Nominado sina:

Gilbert Obispo at Jake Abella, para sa pelikulang Ari: My Life With A King, kung saan lubos na malikhain ang pagtatanghal sa matandang tradisyon ng panulaang Kapampangan na nakabatay sa taludturang pakikipagtalo ng Crissotan bilang sugpungan ng palatunugang bayan na patuloy na umuugat sa mga hangarin ng awiting bayan na “Atin Cu Pung Singsing” at sa mga ingay at katahimikang itinakda ng masakunang buhay sa paligid ng bulkan at baha.

Nominado rin sina:

Addis Tabong at Francis Concio para sa pelikulang Halik sa Hangin, na muling pinaigting ang mga pangungusap at pakiusap na kasangkot sa romantikong pag-uulayawan ng mga nilalang na magkaiba man ang mundo ay nauuwi pa rin ang palitan sa wagas na kapusukan ng puso ng tao. Napakatimyas ng talinghaga ng gitara bilang hudyat ng pagkakataon para sa pag-ibig na nilalagom ng pamaksang awitin na itinanghal ni Ebe Dancel, ang “Halik sa Hangin.”


Ang videoke (awitin ni Yoyoy Villame at imahe ni Kidlat Tahimik) sa Balikbayan # 1 Memories of Overdevelopment Redux III 


Subalit ang Pinakamahusay na Tunog at Orkestrasyong Awral para sa Taong Pampelikula ng 2015 ay iginagawad kina:

Ed de Guia, Los Indios de España, at Shanto para sa pelikulang Balikbayan # 1 Memories of Overdevelopment Redux III, na sa kanyang post-kolonyal kasaysayan ng ating bayan, ay naisasaysay rin ang salimbayan ng mga tunog, himig, at pananahimik na nagbibigay ng salimuot sa paggalugad ng ating abot-malay sa magiting na tinig ng pakikihamok at kalayaan. Mula sa palitan ng gangsa at ng plawta, sa ingay ng mga awiting bumubulwak mula sa mga makina, sa hindi matatawarang balintuna ni Yoyoy Villame, at pati na rin ng mga impit at ng mga hiningang nakapaloob sa mga wikang Tagalog, Ilokano, Bisaya, sa mga katagang nagugumiit ng kaibang salaysay mula sa Cordillera, sa mga matalas ngunit mapinsalang idyoma ng Espanyol at Ingles, matagumpay na naitutugtog ang isang makabuluhang sipat sa talatinigang bayan na sa pandinig ng laging may hinuha, hinding hindi mapapara.

Leave a comment

Posted by on 12/10/2016 in Uncategorized


Pagkilala sa Pinakamahusay na Sinematograpiya at Disenyong Biswal ng 2015

Jema M. Pamintuan

Siyam na pelikula ang  nominado para sa Pinakamahusay sa Sinematograpiya at Disenyong Biswal ng taong 2015, at ang mga ito ay ang sumusunod na mga pelikula:

Sa Bambanti, ang distansya sa pagitan ng bayan at bukid ay nagtanghal rin ng agwat sa mga nagtutunggaliang uri; sa An Kubo sa Kawayanan, kinasangkapan ang mayamang topograpiya ng Kabikulan upang maghatid ng naratibo hinggil sa pananatili at paglisan, preserbasyon ng kulturang lokal at pakikisabay sa kultura ng labas; sa Halik sa Hangin, may ginhawang hatid ang mga lambingan sa pagitan ng mayayabong na puno ng Baguio, gayundin, may lunggating mababanaag mula sa inaagiw at madilim na tahanan ng multo. Nakapagitna ang sementeryo sa diyalogo ng aliw at lungkot na pinagdaanan ng pamilya sa Da Dog Show, at instrumental ang maliit na baryong pinagtanghalan ng byukon (byuti contest) upang maging lunsaran ng marhinalisasyon ng kaakuhan ng tauhan sa Miss Bulalacao. Ang galawgaw na kamera sa Salvage ay umangkop sa ritmo ng maaaksyon at walang kapagurang salaysay ng pangkat; at nasa krudong estilo at tekstura ng pelikulang Taklub nabigyang artikulasyon ang imahen ng unos at pananalantang nagdulot ng dalamhati sa lalawigan ng Tacloban. Sa salitan naman ng super 8mm at sepia, gayundin sa materyal na kultura ng dekada 80, masasalat ang personal at politikal na ligalig sa Mga Rebeldeng may Kaso.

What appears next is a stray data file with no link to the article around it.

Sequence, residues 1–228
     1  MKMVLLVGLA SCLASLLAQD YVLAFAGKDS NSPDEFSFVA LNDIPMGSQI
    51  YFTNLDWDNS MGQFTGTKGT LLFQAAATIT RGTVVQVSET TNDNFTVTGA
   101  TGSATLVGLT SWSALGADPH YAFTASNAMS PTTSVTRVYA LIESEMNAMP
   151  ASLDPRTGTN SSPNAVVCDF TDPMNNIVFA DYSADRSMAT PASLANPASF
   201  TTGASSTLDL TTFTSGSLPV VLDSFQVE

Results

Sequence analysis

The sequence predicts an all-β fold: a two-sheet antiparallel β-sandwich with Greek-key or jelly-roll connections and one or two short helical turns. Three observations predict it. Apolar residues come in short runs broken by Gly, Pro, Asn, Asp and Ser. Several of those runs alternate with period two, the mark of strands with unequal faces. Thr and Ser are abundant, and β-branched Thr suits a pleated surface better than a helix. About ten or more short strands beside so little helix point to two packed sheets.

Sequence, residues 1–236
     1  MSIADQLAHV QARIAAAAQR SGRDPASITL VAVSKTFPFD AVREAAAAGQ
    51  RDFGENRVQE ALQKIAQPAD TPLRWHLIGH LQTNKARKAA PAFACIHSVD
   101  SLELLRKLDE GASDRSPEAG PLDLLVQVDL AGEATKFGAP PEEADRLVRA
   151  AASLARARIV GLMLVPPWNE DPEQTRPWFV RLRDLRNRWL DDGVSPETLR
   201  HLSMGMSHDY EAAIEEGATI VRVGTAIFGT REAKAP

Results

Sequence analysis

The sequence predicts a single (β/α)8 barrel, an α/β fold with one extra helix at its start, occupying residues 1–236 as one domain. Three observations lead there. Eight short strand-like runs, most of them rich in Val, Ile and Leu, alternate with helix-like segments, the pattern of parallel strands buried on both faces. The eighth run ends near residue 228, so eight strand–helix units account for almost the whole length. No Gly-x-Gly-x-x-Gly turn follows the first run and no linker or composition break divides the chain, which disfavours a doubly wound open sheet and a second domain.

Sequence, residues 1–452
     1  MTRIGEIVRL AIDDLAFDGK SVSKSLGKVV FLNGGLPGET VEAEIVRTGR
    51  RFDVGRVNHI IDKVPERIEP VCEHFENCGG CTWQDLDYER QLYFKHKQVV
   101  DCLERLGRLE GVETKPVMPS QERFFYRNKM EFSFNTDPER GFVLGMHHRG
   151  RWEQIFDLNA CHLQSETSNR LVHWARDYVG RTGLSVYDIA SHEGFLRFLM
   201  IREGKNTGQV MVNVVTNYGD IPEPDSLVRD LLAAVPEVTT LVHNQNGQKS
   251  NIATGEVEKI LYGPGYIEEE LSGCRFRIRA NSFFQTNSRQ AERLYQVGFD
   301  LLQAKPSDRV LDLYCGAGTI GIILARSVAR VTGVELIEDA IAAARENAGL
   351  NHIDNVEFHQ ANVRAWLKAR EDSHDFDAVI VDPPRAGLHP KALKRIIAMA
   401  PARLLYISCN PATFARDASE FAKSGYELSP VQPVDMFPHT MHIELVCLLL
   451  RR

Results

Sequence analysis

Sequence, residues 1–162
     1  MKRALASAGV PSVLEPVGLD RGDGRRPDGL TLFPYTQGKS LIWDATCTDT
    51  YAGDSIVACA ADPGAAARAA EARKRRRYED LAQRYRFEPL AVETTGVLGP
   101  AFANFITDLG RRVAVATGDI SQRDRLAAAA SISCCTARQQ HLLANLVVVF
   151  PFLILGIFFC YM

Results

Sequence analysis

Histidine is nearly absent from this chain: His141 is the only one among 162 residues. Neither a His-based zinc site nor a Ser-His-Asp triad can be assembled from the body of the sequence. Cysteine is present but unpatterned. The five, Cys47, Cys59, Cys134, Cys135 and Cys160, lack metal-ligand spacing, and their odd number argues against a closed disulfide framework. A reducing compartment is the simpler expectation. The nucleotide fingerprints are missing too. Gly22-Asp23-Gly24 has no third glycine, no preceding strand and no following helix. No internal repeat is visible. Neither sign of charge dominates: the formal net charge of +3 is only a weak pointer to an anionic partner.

Gayumpaman, natatangi sa lahat ang pelikulang Balikbayan #1: Memories of Overdevelopment.

Ang nakaraan at kasalukuyang pinaksa ng naratibo ay malikhaing tinalunton ng iba’t ibang antas ng gaspang at kinis ng tekstura ng kamera na nagtanghal ng  pagpapatung-patong ng mga imahen.  at  nagbigay ng panibagong kulay sa mga nauna nang  nailuwal na eksena. Dinala tayo ng mga kamera mula sa mga pay-yaw ng Cordillera hanggang sa mga palasyo ng Europa, sa pamamagitan ng metikulosong pagdidisenyo ng produksyon, ng mga tagpuan, kasuotan, at materyal na kultura, na bagaman sa unang malas ay masasabing nagmula sa magkakaibang yugto ng kasaysayan, ay hindi pa rin pinaghiwalay ng agwat ng panahon at lunan. Ang interbensyon, tagisan, gayundin, pagbubuklod, ng luma at bagong teknolohiya ng pamemelikula ay nagtanghal ng magkakaiba ngunit magkakabigkis ring mga lente, na nag-anyaya sa mga manonood tungo sa nakawiwili at matalas na paggalugad sa pakahulugan ng mga misteryo at piraso ng ating pambansa at personal na kasaysayan. Tulad ng nililikha ng mosaic artist sa pelikula, naunawaan natin ang posibilidad ng pakikisanib ng mga anyo, padron, at larawan,  sa mga  salita at wika, sa mga salaysay ng nakaraan at kasalukuyan, sa mga, biswal na sining, oral at nakasulat na panitikan, upang bumuo ng isang ganap at malinaw na hulagway.